Gusle player. Photo of Orjen via Wikipedia [CC-BY-SA 4.0]
Gusle player. Photo of Orjen via Wikipedia [CC-BY-SA 4.0]

This is about Milman Parry, that careless packer, the brilliant American scholar who went to Yugoslavia between the two world wars in search of the Homeric process. Parry saw Homer as a man embedded in a long standing tradition of singers retelling the same story, and with an assistant and a translator set out for the remote mountain villages to listen to the guslaris, singers of epic poems accompanying themselves on a gusle, a single-stringed violin. Parry and his companions collected 13 thousand songs and were astonished to find singers who could remember over ten thousand lines. Others followed in Parry’s footsteps: in the aftermath of World War II, a Connecticut professor by the name of James Notopoulos travelled to Crete and collected songs in the mountains of Sfakia. On the request of Notopoulos, one of the singers improvised a song on the spot about the famous kidnapping of General Kreipe, the German commander of Crete, in 1944 by the British. Almost nothing in the song as heard by Notopoulos corresponded to the actual facts; the singer utilised ancient formulas to improvise a story to his own liking.

Homer vs Academia

People try to read the Iliad today, or the Odyssey, and as often as not are confronted with convoluted language, forced into dactylic hexameters. In lauded scholarly editions the introduction is often longer than the epic itself and the mountain of notes at the back of the book is enough to scare away even the most eager readers. The famous Homeric epithets bore today’s readers to death, because after all how many times do you really need to hear that Achilles is swift-footed and does Apollo really need to be constantly called “god of the silver bow”, nice as the phrase might be?! But these phrases are aide-mémoires, ready-made building blocks to fit the dactylic hexameter. The Iliad and Odyssey were not meant to be read in solitary comfort on a sofa.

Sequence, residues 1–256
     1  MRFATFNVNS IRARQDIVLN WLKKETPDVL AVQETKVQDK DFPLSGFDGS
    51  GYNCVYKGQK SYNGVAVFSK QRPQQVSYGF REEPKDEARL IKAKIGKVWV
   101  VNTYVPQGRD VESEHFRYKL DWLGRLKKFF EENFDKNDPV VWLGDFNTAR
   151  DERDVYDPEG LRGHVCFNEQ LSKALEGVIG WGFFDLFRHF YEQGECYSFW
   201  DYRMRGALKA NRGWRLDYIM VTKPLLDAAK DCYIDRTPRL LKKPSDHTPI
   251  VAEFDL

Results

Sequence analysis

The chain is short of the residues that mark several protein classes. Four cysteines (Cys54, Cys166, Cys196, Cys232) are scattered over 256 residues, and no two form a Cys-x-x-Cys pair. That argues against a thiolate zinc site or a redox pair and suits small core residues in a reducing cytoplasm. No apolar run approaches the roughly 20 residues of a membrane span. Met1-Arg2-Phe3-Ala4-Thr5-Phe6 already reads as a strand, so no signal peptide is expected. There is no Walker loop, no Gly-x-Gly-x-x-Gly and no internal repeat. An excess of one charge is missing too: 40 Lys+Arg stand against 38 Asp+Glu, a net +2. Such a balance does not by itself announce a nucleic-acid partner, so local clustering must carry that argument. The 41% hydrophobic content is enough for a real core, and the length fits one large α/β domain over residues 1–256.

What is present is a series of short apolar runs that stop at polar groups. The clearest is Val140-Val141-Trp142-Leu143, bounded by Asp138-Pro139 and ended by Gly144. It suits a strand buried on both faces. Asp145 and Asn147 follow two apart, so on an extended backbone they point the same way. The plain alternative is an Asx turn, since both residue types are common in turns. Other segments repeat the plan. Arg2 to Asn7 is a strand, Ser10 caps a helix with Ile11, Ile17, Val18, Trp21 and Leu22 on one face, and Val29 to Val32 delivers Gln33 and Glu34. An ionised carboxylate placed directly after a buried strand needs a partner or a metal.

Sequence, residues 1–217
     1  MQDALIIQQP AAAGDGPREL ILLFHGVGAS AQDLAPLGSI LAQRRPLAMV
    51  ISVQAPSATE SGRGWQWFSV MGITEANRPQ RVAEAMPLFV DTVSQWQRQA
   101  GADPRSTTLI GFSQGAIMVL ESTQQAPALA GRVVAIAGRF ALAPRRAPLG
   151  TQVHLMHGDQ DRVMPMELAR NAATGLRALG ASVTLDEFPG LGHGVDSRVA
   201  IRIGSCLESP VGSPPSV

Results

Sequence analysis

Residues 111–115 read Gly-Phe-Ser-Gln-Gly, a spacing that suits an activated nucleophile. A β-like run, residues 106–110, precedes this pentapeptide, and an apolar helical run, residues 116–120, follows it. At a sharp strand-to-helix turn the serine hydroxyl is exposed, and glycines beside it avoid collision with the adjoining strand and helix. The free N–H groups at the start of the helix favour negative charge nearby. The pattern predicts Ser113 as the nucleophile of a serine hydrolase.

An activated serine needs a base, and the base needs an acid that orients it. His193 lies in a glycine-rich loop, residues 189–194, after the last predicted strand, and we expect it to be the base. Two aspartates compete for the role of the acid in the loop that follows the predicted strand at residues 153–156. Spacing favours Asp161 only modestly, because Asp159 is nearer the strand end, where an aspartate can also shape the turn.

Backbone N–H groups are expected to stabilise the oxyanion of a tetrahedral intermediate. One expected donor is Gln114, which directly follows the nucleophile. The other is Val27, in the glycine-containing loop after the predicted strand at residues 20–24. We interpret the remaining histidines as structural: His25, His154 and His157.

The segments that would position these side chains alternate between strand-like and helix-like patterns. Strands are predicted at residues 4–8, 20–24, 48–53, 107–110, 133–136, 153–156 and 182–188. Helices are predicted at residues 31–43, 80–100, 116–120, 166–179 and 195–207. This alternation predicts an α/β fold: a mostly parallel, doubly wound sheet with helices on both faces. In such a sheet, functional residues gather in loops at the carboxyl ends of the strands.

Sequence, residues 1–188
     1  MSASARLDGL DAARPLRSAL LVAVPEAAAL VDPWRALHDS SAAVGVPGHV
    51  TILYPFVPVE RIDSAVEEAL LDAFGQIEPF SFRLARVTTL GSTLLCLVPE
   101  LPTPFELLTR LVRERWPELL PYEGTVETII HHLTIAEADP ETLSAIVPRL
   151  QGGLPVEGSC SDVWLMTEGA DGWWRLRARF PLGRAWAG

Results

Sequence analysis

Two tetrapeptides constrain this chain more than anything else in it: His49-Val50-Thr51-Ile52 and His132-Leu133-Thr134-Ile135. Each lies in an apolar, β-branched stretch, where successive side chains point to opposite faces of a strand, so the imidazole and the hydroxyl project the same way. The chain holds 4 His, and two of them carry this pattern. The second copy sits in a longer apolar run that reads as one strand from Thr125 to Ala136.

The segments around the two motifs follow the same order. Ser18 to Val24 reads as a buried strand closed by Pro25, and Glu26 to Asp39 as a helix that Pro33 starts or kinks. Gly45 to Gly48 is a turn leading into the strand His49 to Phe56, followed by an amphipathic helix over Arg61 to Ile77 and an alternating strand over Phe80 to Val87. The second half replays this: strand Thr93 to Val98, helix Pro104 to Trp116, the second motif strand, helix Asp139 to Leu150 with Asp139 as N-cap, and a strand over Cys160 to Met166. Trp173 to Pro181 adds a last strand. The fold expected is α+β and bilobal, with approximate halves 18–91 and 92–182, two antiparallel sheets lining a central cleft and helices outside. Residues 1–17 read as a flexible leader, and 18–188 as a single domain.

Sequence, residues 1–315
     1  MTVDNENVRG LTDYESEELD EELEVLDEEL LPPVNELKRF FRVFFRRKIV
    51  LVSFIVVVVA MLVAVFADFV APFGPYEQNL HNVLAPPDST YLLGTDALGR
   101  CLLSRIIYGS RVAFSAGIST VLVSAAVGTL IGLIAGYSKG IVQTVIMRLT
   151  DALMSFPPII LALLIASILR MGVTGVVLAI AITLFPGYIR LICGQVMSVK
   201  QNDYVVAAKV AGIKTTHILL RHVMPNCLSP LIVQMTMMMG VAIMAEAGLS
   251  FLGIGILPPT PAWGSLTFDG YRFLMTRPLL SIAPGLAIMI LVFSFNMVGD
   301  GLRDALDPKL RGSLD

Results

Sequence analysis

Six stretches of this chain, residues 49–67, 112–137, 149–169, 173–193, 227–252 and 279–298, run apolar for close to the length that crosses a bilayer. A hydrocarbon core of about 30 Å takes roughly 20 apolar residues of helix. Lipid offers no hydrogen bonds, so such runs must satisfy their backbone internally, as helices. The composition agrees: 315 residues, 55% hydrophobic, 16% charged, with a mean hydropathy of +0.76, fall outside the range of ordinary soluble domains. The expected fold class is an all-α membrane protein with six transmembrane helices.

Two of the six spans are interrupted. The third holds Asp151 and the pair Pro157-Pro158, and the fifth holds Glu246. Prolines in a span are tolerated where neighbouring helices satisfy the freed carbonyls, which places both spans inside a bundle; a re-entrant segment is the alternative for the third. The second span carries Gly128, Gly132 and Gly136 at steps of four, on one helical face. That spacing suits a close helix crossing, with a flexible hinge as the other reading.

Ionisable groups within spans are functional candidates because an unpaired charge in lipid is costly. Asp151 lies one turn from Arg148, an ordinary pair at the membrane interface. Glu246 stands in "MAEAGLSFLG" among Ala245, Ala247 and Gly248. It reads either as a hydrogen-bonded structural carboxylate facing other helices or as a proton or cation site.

Homer, detail from a Greek vase in the British Museum
Homer. Detail from a Greek vase in the British Museum

There was a time in history, the time of Homer, presumably, as well as the centuries that went before and after, when the Iliad or the Odyssey were not merely an academic exercise. Unlike today, they were not just the territory of university professors indulging in self-serving discussions on the merits of each line or bickering over whether Homer was one man or more, killing the epic story in dry scholarly analyses. There was a time when the themes on which the Iliad and the Odyssey are developed were shared by ordinary people, when everybody knew the fundamentals of the stories. In the fifth and fourth century B.C., travelling storytellers, rhapsodes, performing the Iliad and the Odyssey were part of life in Greece. And so these stories were told and retold, sang by the rhapsodes, changed and shaped slightly differently in each telling. Not everyone can (re)tell a story well, much less make one up on the spot no matter how familiar with its elements, but everybody can listen, and a travelling storyteller can and will, if he wants to make a good living, adapt his story to his audience’s perceived likes and needs. And much like the interaction between the actors and the groundlings in Shakespeare’s Globe makes a play more alive, more memorable and wholly unique and unrepeatable, so this manner of performing made the Iliad and the Odyssey alive, memorable and unique.